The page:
Tuesday, March 26, 2013


I noticed these two blog posts this morning and smiled to think
that these two are parenting together. 
Their three boys are lucky ducks. 

If you are a tired or droopy parent today, read these. They're beautiful!

Wednesday, March 20, 2013

let's do this.

These days it's all about diving in headfirst. 

We're not just getting ready for Holy Week and Easter at Zion. We're preparing for the ZOOM House Gala on Saturday night. Last year we raised $45,000 in four hours - it's kind of a big deal. We're also getting ready to host a booth at the Lyndale Open House on Friday. Last year I talked to dozens of neighbors passionate about the community we share - it makes me proud to be part of this place.

Oh and we bought a new house! We've been looking for awhile now, but it happened suddenly. They accepted our offer 25 hours after it went on the market. A little more space and a lot more wallpaper just a few blocks from where we are now. Matt and I are excited to have a new project to share and imagine this being home for awhile. We close in four weeks.

That also means we're scrambling to get our current abode on the market. The goal is early April, so the dumpster shows up tomorrow. Let's get this party started.

I noticed that others are diving in headfirst today, too. One of our faithful Wednesday night regulars has been taking a break for a few months. She needed to reboot and pull out of most of her routine and commitments, so we stayed in touch by phone while she was away. Tonight she was back and happened to sit next to someone who has started coming faithfully since she went on sabbatical. Within a few minutes they were both teary eyed. 

I felt at home right away at Zion. 
This place has been so good to me. 
People remembered my name the second time I showed up. 
I feels good to belong.

A new friendship formed and they were both diving in - professing their place in this community and God's family. It made me glad to watch. They showed up to worship where we read from Colossians and talked about the way Christ's resurrection threads everything together - from creation to life everlasting. People shared about the things that stirred them in the text. We admitted the frazzled and tired things that get sewn into the fabric of Christ...and that remembering this helps a little bit.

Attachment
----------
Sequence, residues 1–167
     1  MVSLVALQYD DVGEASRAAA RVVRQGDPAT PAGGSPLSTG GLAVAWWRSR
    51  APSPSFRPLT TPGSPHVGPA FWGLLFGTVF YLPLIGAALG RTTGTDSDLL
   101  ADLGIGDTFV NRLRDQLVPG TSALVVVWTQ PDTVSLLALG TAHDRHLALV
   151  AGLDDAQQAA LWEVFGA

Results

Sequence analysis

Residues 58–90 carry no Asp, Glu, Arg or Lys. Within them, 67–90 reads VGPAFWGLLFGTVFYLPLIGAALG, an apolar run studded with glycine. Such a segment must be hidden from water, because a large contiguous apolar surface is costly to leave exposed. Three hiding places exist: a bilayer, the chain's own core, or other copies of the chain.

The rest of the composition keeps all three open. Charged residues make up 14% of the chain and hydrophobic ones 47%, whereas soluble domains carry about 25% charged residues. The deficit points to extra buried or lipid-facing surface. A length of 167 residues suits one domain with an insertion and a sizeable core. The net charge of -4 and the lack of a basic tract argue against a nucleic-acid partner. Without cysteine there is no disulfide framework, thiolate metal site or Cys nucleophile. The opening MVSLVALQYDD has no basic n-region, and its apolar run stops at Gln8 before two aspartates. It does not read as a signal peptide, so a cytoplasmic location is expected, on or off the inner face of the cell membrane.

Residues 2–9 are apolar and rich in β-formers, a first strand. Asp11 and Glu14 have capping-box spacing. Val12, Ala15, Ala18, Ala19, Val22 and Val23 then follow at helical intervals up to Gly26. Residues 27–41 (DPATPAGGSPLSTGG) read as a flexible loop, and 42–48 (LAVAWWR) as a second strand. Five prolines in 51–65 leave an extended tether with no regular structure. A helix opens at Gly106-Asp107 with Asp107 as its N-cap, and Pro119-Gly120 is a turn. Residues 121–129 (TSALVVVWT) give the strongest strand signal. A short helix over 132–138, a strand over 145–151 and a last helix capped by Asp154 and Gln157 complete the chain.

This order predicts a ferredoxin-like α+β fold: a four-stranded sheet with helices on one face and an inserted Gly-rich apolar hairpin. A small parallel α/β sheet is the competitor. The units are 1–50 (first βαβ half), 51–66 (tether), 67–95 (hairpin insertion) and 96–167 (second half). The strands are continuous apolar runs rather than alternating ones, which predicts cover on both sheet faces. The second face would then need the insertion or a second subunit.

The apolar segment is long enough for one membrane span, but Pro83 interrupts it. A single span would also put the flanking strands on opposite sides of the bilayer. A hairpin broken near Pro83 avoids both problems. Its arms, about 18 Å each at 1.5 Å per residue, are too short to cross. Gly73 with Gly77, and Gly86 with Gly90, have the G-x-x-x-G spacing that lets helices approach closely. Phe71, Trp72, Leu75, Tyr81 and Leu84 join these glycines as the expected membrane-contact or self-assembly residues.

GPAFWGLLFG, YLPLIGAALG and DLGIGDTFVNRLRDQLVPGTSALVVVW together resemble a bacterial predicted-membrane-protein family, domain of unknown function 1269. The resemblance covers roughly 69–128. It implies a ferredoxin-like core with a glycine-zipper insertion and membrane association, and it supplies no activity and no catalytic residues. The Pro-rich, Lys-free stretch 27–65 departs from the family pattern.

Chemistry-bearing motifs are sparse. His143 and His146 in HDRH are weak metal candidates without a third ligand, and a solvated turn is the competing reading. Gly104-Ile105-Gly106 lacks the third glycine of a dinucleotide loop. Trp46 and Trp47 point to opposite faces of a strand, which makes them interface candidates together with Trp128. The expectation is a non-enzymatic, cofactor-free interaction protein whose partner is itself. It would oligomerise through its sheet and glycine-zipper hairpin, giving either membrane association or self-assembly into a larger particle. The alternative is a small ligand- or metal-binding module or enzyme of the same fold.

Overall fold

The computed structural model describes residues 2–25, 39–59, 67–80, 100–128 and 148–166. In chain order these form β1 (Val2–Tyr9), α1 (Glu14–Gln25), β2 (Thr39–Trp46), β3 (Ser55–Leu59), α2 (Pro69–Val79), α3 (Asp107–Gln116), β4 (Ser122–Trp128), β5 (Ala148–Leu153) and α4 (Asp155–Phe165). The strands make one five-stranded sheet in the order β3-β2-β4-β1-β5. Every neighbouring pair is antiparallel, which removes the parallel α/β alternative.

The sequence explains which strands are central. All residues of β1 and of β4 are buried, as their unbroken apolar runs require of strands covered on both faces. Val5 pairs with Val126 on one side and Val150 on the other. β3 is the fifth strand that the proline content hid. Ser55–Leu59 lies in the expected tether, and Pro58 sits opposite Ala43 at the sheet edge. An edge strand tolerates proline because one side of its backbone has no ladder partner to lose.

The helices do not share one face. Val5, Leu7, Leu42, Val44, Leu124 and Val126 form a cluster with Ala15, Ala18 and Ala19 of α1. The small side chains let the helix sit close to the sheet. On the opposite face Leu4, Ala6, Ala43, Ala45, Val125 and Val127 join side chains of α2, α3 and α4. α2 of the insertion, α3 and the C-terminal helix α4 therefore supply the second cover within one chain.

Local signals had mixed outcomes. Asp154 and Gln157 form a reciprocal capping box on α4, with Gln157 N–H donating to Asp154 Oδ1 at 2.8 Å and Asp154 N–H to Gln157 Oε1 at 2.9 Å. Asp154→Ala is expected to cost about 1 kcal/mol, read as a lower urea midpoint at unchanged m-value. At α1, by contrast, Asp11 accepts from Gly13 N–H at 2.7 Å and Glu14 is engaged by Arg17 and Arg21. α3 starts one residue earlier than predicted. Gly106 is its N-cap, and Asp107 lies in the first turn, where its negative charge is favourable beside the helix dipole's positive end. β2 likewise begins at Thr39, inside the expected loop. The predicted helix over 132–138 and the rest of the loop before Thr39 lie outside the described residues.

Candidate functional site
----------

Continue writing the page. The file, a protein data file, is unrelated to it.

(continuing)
We always end Recovery Worship with a hymn request and tonight it was Henry* who couldn't wait to call it. Henry has some sensory sensitivities and might be somewhere on the spectrum, but what do I know? He speaks with the official tone of a radio announcer and I love to listen to him sing. It took me awhile to find it because I believed it to be under a different title. But once it was found, I knew it would be a good choice. It's "Shall We Gather at the River", which is number 423 in your hymnal. This is the one we should sing.

And so we did. With gusto. And then, when the room cleared, it was just me and Henry. I always thought it should be called, "Shall We Gather IN the River". Everyone is going to get wet when they get baptized anyway. For convenience sake, they should just agree to all meet IN the river instead of next to it. That would save a step and they could get baptizing right away.

Yes, Henry. Let's dive in. Let's skip a step and get messy doing it. Let's gather in the river where the waters of life overwhelm and we're washed clean and things begin anew. Let's do this.

Monday, March 11, 2013

i carry you.

There are lots of ways to remember and repent during Lent. Some people give up meat or chocolate. I used to give up caffeine during Lent. Unfortunately, life without it makes me an angry shadow of myself. Since it usually played out as the opposite of a spiritual discipline, I now give up giving up caffeine for Lent.

Some use a Lenten devotional book. Others are taking one picture each day that speaks to a different Lent-y word. And more are using a list - one little thing each day - that reframes daily life in the light of God's gift.

I was still trying to decide what my Lenten discipline was going to be well into Lent. And then I realized it's Jasper. He has three favorite phrases right now and they mark up my days with pause and gratitude:

Look, Mommy!
Look at my animals! They're dancing on the table. They're making animal noises. They're being silly. Now look at them flying off the table all over the kitchen. Look at them scattered around and under the refrigerator, Mommy. Look in the oven - you can see what's cooking because the light is on! Look in the trash can at all the pretty colors. Look at what I threw in there when you weren't looking - even though I told you to look! Look at how I see the world - everything is alive. Everything has a story. I want you to see things the way I do and I want you to think they're wonderful, too!